The synagogues of Prague are unquestionably stunning, though spiritually sterile. The Spanish Synagogue, which rightly bills itself as “the most beautiful in all of Europe,” is a marvel of Moorish design, flourished with arabesque and oriental motifs. Built in 1868, it is now part of Prague’s Central Jewish Museum and, because it is acoustically perfect, holds weekly classical concerts by members of the Czech National Symphony. We attended one such concert. The program said Vivaldi and Ravel were being played, but I closed my eyes and heard only Kol Nidre and Kaddish.

The other synagogues are no less impressive, each highlighting a different chapter in Prague’s rich Jewish story. The Maisel Synagogue, done in baroque style, recounts the checkered history of the area’s Jewish population which, at its height between the world wars, numbered 360,000 souls. Alternately invited and evicted, the Jews lived at the whim of the duke or deacon of the time, forced to pay heavy taxes and, for many years, restricted to a Chinese-like policy of only one son per family. The Klausen Synagogue, down the street, holds a well-done exhibit on Jewish life from cradle to grave, as well as a tour of the holidays of the Hebrew calendar.

Most striking in these houses of worship is the sheer amount of Jewish artifacts on display, the greatest collection anywhere on the planet. For it was here that Hitler planned to build the Museum of the Extinct Jewish Race, where he would showcase to the world a once-proud civilization that he and his “thousand-year Reich” had expunged from the Earth. And so he shipped tens of thousands of items – from circumcision knives to menorahs to Torah scrolls – to Prague, storing them in the synagogues, which he spared from destruction. Twelve years after his murderous reign began, Hitler was gone – along with almost all of European Jewry – leaving the holy silver artifacts orphaned and terribly alone.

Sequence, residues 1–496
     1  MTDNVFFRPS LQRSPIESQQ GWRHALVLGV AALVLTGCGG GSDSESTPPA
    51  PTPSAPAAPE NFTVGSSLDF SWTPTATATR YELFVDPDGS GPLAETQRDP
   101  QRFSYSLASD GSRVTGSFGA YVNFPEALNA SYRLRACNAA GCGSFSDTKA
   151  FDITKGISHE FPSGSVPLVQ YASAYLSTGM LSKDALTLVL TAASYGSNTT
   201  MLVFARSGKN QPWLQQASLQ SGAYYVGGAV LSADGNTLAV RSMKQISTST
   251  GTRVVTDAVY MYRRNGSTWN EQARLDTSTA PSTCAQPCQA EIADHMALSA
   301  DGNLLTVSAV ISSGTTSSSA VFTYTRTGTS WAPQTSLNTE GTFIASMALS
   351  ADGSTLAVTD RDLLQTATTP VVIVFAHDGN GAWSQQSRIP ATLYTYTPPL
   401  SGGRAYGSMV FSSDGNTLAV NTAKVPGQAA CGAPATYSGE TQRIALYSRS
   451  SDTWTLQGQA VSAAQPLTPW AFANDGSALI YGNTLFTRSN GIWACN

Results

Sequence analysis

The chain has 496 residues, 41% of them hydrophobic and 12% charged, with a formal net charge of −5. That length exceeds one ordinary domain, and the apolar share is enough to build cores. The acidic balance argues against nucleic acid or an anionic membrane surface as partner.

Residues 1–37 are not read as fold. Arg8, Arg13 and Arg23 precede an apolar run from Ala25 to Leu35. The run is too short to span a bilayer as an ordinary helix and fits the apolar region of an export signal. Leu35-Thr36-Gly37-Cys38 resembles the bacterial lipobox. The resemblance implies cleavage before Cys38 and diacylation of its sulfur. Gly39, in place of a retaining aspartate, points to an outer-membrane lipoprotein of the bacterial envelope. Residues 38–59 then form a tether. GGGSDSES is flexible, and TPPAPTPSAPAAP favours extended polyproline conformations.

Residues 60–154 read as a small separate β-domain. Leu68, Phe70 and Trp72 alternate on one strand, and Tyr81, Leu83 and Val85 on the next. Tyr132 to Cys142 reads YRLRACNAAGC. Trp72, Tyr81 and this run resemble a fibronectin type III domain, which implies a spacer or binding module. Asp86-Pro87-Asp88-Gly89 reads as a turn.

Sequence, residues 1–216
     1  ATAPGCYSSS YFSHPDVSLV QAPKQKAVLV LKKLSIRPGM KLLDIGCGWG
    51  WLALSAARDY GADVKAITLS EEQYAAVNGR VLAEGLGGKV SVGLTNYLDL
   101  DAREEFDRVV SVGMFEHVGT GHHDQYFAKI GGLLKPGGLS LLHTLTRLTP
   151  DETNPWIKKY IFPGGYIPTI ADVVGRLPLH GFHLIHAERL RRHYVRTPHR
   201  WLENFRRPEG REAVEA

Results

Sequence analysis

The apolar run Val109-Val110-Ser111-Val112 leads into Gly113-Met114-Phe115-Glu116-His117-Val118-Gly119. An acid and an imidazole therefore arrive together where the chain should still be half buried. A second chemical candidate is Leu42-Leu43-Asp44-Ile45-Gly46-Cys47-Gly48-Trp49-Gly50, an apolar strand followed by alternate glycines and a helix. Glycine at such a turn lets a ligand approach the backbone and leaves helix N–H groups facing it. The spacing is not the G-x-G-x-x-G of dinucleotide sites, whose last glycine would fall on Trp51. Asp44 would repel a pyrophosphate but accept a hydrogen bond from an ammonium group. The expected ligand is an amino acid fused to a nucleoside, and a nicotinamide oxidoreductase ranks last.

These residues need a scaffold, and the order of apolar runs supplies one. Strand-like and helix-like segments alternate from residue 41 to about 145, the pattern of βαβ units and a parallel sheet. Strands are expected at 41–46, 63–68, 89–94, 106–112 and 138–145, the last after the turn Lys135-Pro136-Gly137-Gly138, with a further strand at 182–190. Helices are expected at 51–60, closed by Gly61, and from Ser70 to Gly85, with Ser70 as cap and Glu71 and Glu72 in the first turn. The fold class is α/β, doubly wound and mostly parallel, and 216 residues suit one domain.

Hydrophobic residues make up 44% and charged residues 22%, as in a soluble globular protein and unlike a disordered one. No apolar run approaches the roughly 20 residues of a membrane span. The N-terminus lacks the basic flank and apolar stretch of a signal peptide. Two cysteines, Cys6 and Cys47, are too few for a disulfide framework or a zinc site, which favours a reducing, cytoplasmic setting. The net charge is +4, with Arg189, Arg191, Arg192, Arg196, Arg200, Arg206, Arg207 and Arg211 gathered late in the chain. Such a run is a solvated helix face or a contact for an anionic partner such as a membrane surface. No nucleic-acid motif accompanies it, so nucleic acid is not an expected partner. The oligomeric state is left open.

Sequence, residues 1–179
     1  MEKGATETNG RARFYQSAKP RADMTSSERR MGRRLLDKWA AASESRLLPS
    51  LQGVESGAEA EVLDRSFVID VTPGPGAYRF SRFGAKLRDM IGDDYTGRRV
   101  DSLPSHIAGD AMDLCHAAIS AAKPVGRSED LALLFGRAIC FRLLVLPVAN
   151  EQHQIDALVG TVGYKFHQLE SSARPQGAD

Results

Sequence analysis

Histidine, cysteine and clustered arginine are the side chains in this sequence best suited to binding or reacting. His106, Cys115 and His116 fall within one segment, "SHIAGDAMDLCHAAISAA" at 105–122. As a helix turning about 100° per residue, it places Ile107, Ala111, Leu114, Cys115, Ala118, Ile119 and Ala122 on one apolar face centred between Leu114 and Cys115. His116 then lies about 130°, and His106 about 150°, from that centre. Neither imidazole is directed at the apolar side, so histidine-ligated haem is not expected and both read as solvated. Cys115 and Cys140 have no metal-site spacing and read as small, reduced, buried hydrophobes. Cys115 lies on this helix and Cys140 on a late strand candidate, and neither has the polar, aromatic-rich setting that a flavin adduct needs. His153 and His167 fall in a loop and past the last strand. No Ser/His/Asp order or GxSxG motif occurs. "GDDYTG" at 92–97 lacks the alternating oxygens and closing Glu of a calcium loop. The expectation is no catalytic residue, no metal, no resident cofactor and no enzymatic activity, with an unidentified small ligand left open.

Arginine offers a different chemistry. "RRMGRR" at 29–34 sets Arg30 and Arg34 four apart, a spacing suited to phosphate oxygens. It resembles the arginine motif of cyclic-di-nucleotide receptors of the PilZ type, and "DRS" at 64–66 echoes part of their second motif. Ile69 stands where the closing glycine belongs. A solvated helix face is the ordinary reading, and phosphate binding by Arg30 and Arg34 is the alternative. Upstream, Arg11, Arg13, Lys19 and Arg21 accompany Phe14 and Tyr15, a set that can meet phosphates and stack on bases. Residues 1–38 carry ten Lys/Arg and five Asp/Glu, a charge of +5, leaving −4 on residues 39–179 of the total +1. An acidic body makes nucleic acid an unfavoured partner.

Which brings us to the Pinkas Synagogue, a place that haunts even the most stoic of visitors.

There, on its whitewashed walls, are catalogued 80,000 names of Jews who perished in the Holocaust; 153 communities of Bohemia and Moravia that vanished into nearby Terezin (Theresienstadt) and the ovens of Auschwitz. The sheer volume of names and dates overwhelms you; you are helpless, speechless in that sea of red and black that surrounds you. And the ghosts are all around you.

As you walk among the sites of Prague, the Jewish presence is everywhere – and nowhere. Flanking the Astronomical Clock are four figures representing the four faces of Fear, one of them being Greed, represented by a bearded Jew in the tall hat which Jews were forced to wear. And in the center of the Charles Bridge is the infamous statue of Jesus on the cross with the Hebrew words “Kadosh, Kadosh, Kadosh – Holy, Holy, Holy” encircling him. Though the current spin is that a Jew, centuries ago, spat on the statue and so was forced to supply the golden Hebrew lettering, one suspects that this was just another way of taunting and tormenting the powerless Jewish populace.

While there are several kosher restaurants in the Jewish Quarter, and Chabad struggles valiantly to provide a working synagogue – three of the four days we attended services, we brought the minyan to 10 – the vast majority of the Jews in this place are ethereal, their spirits floating from shul to deserted shul, pleading with us to ignore the glamorous facade and recognize the overwhelming tragedy that befell Jewish life in this place, when the world that once was, became eradicated forever.

After four days of walking with ghosts, I board a plane to return to the place where Judaism is alive – and generally well; the place where, for the rest of time, Jewish history will be played out in the flesh, in all its vibrancy and vigor. The place I thankfully call Home.

The writer, who leads Jewish tours around the world, is director of the Jewish Outreach Center of Ra’anana; jocmtv@netvision.net.il